Will The Airbus A350F Encourage Boeing To Launch The 777XF?
Speaking at a recent earnings call, Airbus Chief Guillaume Faury said that his company hopes to offer an A350…
Speaking at a recent earnings call, Airbus Chief Guillaume Faury said that his company hopes to offer an A350 freighter, pending board approval. The decision is the result of customer feedback for increased competition and follows months of speculation and public ‘encouragement’ from one particular airline CEO. So, now that a next-generation Airbus freighter is on the way, will Boeing follow suit?
777X freighter “in the near term”
During its own earnings call on Wednesday, Boeing had much to report on while also facing many questions from the media and investors. Among the flurry of inquiries were two questions regarding the 777X and the development of a freighter variant.
The first came in the form of a question regarding a return to R&D (research and development) investment. To that point, Boeing CEO Dave Calhoun offered the following tidbit on the development of a 777X freighter:
“…and I hope in the near relatively near term a freighter version of that airplane. We are going to be very busy and have been very busy on the development front and spending a fair amount of money on it.”
The second freighter-related question was more direct, inquiring about how Boeing plans to address the threat of an Airbus A350 freighter. To that, Calhoun said:
“We need to develop a new ICAO-compliant freighter version opportunity. I circled the 777X as the logical place for that, and the smart place to do that. So, as I said, without suggesting that we’ve already launched it or that we have one planned by the day, we’re confident, and I’m confident that might be the next of our work programs, and it’ll be an incredible freighter with incredible long term advantages for our major customers.”
Building on 777F success
While Airbus’ recent news may be generating a greater sense of urgency for Boeing, the US planemaker shouldn’t have too much of a challenge developing a freighter variant of its 777X. Indeed, the company has had a long history of producing OEM freighters.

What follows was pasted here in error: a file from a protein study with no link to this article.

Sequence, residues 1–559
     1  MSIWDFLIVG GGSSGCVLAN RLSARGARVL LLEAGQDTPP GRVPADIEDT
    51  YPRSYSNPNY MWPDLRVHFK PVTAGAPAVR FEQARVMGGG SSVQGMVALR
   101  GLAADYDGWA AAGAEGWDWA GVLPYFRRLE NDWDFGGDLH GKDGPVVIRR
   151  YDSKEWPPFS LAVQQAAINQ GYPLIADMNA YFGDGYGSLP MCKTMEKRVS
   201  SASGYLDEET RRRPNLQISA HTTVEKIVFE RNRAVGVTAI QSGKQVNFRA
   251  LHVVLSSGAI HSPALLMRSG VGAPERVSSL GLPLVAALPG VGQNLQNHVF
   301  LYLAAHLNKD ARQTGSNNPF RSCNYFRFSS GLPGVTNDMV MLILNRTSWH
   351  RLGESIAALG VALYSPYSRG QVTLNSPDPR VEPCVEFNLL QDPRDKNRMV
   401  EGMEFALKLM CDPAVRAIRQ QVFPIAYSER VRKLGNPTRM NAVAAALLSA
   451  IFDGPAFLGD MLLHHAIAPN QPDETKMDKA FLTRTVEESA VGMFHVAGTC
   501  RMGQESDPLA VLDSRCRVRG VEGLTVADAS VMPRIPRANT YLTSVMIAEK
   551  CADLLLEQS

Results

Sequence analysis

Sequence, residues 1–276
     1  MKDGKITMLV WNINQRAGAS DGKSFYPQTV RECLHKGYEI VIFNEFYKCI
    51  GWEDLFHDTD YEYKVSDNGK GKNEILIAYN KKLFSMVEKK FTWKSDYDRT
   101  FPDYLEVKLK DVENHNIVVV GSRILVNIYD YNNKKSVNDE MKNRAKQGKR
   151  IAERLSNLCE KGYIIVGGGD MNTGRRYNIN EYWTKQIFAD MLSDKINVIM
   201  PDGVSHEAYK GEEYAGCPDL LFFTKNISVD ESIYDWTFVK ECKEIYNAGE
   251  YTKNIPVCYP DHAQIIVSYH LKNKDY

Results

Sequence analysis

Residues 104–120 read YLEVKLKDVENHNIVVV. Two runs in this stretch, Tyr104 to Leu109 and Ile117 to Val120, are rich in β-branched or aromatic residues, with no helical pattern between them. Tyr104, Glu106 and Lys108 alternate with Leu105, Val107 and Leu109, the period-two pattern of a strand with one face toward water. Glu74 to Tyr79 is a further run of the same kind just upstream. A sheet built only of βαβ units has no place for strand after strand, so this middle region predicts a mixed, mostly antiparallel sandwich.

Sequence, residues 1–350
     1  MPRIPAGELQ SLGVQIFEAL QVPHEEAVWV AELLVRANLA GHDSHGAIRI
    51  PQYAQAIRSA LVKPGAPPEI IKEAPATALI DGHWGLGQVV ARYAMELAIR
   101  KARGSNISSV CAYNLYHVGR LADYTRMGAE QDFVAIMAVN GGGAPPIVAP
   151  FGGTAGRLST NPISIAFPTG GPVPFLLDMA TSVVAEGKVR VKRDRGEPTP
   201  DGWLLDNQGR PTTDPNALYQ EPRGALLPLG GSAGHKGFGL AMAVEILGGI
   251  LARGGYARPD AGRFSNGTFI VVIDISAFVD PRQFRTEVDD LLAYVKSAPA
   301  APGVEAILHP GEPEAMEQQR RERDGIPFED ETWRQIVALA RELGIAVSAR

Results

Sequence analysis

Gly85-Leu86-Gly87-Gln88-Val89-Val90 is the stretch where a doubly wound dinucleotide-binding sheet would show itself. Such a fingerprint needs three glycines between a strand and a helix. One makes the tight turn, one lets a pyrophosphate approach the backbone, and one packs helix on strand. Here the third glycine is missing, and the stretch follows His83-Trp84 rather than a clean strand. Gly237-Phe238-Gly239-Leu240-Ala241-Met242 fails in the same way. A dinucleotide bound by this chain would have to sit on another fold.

According to Boeing’s website, the company has logged orders for 278 777Fs. Since first placing an order in 2006, FedEx appears to be the largest customer for the type, having ordered 47 of these freighters.
Qatar Airways and its cargo division is also a major customer for the type, taking three in a simultaneous delivery at the start of the year. The airline’s CEO has been vocal about wanting a new freighter from either Airbus or Boeing. In fact, in June, we reported on rumors that Qatar’s chief had actually been offered a 777X freighter option. To this news, a Boeing spokesperson simply acknowledged that the company continues to engage with its customers on its product development programs and long-term fleet needs.
At the end of the day, it sounds all but certain that a 777X freighter is on the way. News of Airbus’ A350F launch makes it all the more important for Boeing to overcome its certification challenges in getting its passenger variant to market. With Boeing’s CEO saying that the company is “subjecting the airplane to a comprehensive test program designed to demonstrate its safety and reliability as well as meet all applicable requirements.”
Once these hurdles are overcome, Boeing, with its solid history of freighter production, should be able to get a next-generation widebody cargo jet to market without more complications.
Which freighter variant do you think would be more popular? An A350 cargo aircraft or one based on the 777X? Let us know in the comments.